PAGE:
WHITE PLAINS, New York (Thomas More Society) — Pro-life advocates are declaring a victory in Westchester County, New York, after the County Board of Legislators voted, at their August 7, 2023 meeting, to repeal an unconstitutional 8-foot “floating bubble zone” around persons entering or leaving abortion facilities to “protect” them from the “approaches” of pro-life sidewalk counselors – who seek to converse and offer literature on life-affirming alternatives to abortion.
The “bubble zone” was one provision of the law known as Chapter 425 of the Laws of Westchester County, which also establishes a 25-foot “no follow and harass” zone, along with five additional restrictions on pro-life sidewalk counseling. Its repeal follows a lawsuit by Thomas More Society on behalf of the national organization 40 Days for Life, a local vigil group, White Plains 40 Days for Life, and two individual pro-life sidewalk counselors.
“The bubble zone was unconstitutional the moment the board passed it,” said Christopher Ferrara, Thomas More Society senior counsel. He noted that the Dobbs decision, reversing Roe v. Wade last year, expressly criticized Hill v. Colorado – a prior United States Supreme Court decision that upheld a similar bubble zone.
“This is indeed a victory for free speech, and for pro-life advocacy,” stated Ferrara. “We stand ready to put the final nail in its coffin with a petition to the U.S. Supreme Court, if need be, so that it can never be reenacted.”
“That ridiculous bubble zone was only the most egregious of seven different restrictions on pro-life counseling under Chapter 425,” Ferrara added. “The other six provisions were apparently inspired by the vacated decision of Second Circuit Court of Appeals, in People v. Griepp, which wrongly found that the mere presence of pro-life advocates and their signs on a sidewalk can violate the Freedom of Access to Clinics Entrances Act (FACE). Ironically enough, the vacating of the ill-founded Griepp decision was another case won by the Thomas More Society – back in 2021.”
Since Hill was decided in 2000, the United States Supreme Court has implicitly recognized that “bubble zones” around abortion facilities are unconstitutional and casted doubt on the precedent set in Hill – even before the 2022 Dobbs decision called it a “distortion” of First Amendment law. In McCullen v. Coakley (2014), the court asserted that “when the government makes it more difficult to engage” in pro-life advocacy, including “normal conversation and leafletting on a public sidewalk,” it “imposes an especially significant First Amendment burden.” Additionally, any laws regulating peaceful pro-life advocacy must be given “adequate breathing space to the freedoms protected by the First Amendment,” per Madsen v. Women’s Health (1994).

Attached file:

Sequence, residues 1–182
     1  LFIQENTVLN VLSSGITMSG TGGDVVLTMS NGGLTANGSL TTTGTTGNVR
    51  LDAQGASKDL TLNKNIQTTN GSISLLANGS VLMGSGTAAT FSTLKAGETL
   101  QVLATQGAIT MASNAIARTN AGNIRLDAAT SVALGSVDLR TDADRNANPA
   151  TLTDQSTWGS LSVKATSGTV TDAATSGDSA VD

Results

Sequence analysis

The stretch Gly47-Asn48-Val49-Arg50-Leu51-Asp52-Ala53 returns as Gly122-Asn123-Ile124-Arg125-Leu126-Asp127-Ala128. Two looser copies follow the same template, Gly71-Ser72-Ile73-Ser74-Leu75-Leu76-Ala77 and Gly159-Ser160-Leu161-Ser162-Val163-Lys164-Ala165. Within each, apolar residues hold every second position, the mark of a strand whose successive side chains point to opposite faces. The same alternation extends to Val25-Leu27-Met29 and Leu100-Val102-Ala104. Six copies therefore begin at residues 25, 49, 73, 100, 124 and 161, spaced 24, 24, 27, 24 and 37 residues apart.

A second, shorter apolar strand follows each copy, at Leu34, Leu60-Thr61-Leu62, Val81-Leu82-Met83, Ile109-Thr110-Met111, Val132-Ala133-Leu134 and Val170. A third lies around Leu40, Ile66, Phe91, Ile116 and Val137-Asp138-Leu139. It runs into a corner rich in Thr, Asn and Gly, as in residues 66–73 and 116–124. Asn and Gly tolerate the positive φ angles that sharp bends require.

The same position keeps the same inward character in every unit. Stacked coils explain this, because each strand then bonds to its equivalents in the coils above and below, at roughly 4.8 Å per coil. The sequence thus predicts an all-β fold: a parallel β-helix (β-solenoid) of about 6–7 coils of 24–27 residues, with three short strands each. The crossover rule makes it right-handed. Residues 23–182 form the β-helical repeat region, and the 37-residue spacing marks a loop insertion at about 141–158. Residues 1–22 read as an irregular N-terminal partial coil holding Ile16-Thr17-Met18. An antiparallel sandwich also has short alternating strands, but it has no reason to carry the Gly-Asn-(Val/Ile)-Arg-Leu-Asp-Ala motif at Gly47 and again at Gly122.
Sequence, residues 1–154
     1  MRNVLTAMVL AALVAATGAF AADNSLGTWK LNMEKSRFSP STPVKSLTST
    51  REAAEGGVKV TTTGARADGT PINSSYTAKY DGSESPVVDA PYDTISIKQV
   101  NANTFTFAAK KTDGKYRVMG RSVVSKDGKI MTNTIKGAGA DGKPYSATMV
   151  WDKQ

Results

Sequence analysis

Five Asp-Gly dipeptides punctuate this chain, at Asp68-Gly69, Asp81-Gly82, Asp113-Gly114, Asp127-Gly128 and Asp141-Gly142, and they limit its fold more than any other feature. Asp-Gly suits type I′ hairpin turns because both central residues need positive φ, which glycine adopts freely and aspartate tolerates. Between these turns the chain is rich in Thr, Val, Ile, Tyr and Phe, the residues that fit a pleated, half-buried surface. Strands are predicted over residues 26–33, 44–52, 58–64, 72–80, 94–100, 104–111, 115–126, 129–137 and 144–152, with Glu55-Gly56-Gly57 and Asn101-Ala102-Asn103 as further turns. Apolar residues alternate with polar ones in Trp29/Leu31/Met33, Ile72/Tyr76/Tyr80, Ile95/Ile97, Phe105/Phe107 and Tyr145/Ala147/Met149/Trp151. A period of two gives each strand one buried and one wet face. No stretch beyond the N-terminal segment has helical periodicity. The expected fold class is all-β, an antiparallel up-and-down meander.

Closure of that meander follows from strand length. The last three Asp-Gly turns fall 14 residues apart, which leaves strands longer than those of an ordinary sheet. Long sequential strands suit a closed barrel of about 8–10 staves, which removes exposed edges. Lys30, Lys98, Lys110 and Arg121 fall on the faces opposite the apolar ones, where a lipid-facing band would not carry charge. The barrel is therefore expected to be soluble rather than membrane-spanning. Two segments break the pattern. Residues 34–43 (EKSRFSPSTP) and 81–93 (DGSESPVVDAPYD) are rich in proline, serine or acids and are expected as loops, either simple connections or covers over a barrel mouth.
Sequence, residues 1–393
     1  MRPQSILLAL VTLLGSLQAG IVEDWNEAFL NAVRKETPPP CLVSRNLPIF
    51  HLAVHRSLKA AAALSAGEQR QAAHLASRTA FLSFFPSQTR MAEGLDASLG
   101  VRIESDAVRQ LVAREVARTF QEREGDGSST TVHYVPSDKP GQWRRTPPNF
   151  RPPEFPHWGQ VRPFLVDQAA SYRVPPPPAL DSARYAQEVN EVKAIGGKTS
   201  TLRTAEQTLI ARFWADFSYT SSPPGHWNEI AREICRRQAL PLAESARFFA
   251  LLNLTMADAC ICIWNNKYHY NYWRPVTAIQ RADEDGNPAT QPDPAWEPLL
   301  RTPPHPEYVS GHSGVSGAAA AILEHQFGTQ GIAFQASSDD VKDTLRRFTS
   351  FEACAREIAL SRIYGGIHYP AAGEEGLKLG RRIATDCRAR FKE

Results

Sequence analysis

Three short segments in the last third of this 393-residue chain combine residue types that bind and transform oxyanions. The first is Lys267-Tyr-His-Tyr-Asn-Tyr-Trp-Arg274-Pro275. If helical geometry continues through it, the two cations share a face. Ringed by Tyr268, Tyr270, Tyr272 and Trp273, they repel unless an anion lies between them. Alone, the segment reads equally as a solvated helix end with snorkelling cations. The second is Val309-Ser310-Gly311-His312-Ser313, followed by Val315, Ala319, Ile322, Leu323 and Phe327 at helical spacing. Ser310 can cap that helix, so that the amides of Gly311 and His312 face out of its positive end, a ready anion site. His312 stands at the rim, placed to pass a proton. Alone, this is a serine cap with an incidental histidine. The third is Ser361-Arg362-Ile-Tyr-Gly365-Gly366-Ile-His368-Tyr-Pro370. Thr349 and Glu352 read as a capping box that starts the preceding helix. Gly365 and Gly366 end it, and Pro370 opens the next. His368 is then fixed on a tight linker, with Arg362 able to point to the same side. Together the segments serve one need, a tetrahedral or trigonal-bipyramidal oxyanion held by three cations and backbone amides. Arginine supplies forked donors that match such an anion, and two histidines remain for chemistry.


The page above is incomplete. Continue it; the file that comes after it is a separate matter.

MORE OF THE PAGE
“Our challenge to the remaining six restrictions on pro-life sidewalk counseling in Chapter 425 continues,” said Ferrara. “We have appealed to the Second Circuit the District Court’s refusal to issue a preliminary injunction against those six provisions, and we are proceeding in the District Court to a hearing on a permanent injunction as to those same restrictions.”
“We will not rest until pro-life advocates in Westchester County have the same First Amendment rights to use the public sidewalks for advocacy, just as Black Lives Matter and every other kind of advocate for a cause.”
“As the Supreme Court’s overruling of Roe v. Wade has sent question of abortion back to each state, it is more important than ever that the right to communicate lifesaving information be protected,” emphasized Ferrara. “Those who seek to defend the right to life are constitutionally guaranteed the freedom to speak their mind, and shame on any governmental unit that attempts to curtail that.”
The Thomas More Society is a national not-for-profit law firm dedicated to restoring respect in law for life, family, and freedom. Headquartered in Chicago and with offices across the country, Thomas More Society fosters support for these causes by providing high quality pro bono legal services from local trial courts all the way up to the United States Supreme Court. For more information, please visit thomasmoresociety.org.